Story continues below advertisement

Southern New Brunswick had about 5,800 customers without electricity, primarily in the Fredericton and Chipman areas. NB Power said the outages were caused by a buildup of ice on power lines and equipment.

(Return to top)


MORE ON WINTER

It’s cold outside! Make like the Danes and ‘Hygge’ it up

1:24

Globe Drive’s guide to winter driving Here are Globe Drive’s best winter driving stories and advice from experts about everything from warming up the car to how to get a car unstuck.
Report an error
Comments

Welcome to The Globe and Mail’s comment community. This is a space where subscribers can engage with each other and Globe staff. Non-subscribers can read and sort comments but will not be able to engage with them in any way. Click here to subscribe.

If you would like to write a letter to the editor, please forward it to letters@globeandmail.com. Readers can also interact with The Globe on Facebook and Twitter .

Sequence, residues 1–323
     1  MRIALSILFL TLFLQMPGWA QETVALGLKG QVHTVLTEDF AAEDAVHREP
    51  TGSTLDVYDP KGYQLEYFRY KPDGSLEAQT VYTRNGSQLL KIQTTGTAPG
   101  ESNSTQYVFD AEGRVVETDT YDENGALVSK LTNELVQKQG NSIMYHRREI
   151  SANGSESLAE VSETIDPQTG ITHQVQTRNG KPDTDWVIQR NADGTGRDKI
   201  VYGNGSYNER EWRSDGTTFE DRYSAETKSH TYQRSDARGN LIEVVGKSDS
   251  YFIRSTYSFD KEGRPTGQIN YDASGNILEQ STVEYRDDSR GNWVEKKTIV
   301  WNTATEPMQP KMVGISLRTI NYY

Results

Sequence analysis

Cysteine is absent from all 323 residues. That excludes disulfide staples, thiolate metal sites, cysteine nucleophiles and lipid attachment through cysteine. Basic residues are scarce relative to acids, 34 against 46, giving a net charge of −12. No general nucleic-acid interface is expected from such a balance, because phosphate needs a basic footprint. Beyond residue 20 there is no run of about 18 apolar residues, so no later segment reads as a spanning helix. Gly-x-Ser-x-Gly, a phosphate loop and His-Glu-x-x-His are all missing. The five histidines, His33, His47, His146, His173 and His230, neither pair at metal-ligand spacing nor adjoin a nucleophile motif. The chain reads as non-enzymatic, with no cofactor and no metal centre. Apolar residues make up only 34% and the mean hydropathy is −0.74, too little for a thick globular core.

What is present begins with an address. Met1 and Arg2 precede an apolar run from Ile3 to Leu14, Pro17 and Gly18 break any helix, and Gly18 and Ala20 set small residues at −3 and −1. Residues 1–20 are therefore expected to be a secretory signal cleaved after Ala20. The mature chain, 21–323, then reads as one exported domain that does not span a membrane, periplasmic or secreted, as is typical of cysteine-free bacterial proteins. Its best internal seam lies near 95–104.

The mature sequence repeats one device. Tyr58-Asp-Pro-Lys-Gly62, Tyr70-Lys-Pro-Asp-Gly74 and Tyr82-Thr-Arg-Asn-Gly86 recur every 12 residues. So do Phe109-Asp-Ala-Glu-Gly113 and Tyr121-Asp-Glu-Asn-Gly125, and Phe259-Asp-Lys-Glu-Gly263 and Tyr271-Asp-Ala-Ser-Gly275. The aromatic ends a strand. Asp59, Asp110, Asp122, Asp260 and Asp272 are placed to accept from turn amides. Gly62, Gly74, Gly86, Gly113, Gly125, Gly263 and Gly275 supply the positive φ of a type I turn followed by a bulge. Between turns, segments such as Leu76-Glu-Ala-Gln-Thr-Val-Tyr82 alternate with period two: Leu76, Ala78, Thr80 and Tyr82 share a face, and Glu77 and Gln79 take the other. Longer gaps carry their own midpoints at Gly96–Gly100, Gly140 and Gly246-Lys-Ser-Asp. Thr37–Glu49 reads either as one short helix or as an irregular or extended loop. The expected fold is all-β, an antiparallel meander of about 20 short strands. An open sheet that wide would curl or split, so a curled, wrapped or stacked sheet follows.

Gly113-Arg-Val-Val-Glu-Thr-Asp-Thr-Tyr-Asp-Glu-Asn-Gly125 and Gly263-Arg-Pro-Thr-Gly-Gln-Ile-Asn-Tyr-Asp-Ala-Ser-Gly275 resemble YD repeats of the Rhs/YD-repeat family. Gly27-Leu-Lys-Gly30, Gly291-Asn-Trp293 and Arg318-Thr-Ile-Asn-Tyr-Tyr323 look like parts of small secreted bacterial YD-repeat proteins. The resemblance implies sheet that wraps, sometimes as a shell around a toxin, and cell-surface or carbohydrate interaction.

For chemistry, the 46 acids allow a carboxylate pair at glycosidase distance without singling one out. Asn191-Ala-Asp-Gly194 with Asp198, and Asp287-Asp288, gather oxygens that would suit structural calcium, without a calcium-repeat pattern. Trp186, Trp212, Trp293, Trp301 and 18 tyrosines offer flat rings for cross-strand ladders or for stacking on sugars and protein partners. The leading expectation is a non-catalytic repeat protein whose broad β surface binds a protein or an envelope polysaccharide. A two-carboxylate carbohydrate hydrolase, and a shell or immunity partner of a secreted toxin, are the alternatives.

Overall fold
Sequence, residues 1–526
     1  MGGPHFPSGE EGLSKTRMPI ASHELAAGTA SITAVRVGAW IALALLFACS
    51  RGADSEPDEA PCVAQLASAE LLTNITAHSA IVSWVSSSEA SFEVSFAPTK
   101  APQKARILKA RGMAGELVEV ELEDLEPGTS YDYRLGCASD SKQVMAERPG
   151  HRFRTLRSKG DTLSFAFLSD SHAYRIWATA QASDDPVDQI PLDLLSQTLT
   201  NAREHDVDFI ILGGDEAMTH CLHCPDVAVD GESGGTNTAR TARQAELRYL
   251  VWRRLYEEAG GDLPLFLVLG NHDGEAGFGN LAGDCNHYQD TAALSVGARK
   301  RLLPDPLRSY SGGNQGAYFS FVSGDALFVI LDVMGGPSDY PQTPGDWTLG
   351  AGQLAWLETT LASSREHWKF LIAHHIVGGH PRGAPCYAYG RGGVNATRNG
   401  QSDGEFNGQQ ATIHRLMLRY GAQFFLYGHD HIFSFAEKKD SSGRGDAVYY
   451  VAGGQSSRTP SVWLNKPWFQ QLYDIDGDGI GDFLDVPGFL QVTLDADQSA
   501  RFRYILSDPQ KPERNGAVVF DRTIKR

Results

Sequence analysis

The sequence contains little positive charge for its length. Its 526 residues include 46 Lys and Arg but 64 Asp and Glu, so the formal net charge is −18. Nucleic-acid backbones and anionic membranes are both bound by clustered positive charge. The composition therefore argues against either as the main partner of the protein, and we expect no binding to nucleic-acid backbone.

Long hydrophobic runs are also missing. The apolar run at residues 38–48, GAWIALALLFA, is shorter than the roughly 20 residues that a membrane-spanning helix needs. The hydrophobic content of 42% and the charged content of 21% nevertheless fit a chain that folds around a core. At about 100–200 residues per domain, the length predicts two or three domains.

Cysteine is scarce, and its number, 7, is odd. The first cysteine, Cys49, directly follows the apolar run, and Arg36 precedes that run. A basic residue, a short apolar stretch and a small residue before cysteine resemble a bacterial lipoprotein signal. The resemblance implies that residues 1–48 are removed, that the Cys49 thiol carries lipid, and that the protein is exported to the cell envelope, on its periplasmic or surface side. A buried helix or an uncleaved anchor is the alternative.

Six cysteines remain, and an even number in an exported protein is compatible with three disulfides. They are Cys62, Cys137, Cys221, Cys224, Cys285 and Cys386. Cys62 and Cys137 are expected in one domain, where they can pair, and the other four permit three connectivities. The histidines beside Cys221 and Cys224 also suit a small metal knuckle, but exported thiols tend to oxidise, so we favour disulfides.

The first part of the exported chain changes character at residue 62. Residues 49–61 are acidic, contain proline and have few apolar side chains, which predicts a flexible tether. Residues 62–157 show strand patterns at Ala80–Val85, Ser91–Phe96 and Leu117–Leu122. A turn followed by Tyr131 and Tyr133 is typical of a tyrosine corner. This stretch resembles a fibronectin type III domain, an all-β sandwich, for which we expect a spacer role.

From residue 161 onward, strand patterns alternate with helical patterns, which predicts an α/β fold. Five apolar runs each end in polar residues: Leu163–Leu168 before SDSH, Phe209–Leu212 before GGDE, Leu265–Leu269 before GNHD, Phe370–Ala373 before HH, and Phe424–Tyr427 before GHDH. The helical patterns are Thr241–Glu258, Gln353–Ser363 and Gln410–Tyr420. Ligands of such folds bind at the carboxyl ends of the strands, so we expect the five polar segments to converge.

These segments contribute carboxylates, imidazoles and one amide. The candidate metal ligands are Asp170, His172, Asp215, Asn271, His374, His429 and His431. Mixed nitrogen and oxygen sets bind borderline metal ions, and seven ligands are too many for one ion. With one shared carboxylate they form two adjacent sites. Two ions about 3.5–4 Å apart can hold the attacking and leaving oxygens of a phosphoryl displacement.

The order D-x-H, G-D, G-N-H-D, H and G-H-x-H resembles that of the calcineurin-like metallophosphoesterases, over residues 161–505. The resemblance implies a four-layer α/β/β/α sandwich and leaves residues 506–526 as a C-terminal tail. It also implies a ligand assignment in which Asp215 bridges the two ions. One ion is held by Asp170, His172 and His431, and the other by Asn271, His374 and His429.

Welcome to The Globe and Mail’s comment community. This is a space where subscribers can engage with each other and Globe staff. Non-subscribers can read and sort comments but will not be able to engage with them in any way. Click here to subscribe.

If you would like to write a letter to the editor, please forward it to letters@globeandmail.com. Readers can also interact with The Globe on Facebook and Twitter .

Welcome to The Globe and Mail’s comment community. This is a space where subscribers can engage with each other and Globe staff.

We aim to create a safe and valuable space for discussion and debate. That means:

  • Treat others as you wish to be treated
  • Criticize ideas, not people
  • Stay on topic
  • Avoid the use of toxic and offensive language
  • Flag bad behaviour

Comments that violate our community guidelines will be removed.

If your comment doesn't appear immediately it has been sent to a member of our moderation team for review

Read our community guidelines here

Discussion loading ...

Due to technical reasons, we have temporarily removed commenting from our articles. We hope to have this fixed soon. Thank you for your patience. If you are looking to give feedback on our new site, please send it along to feedback@globeandmail.com. If you want to write a letter to the editor, please forward to letters@globeandmail.com.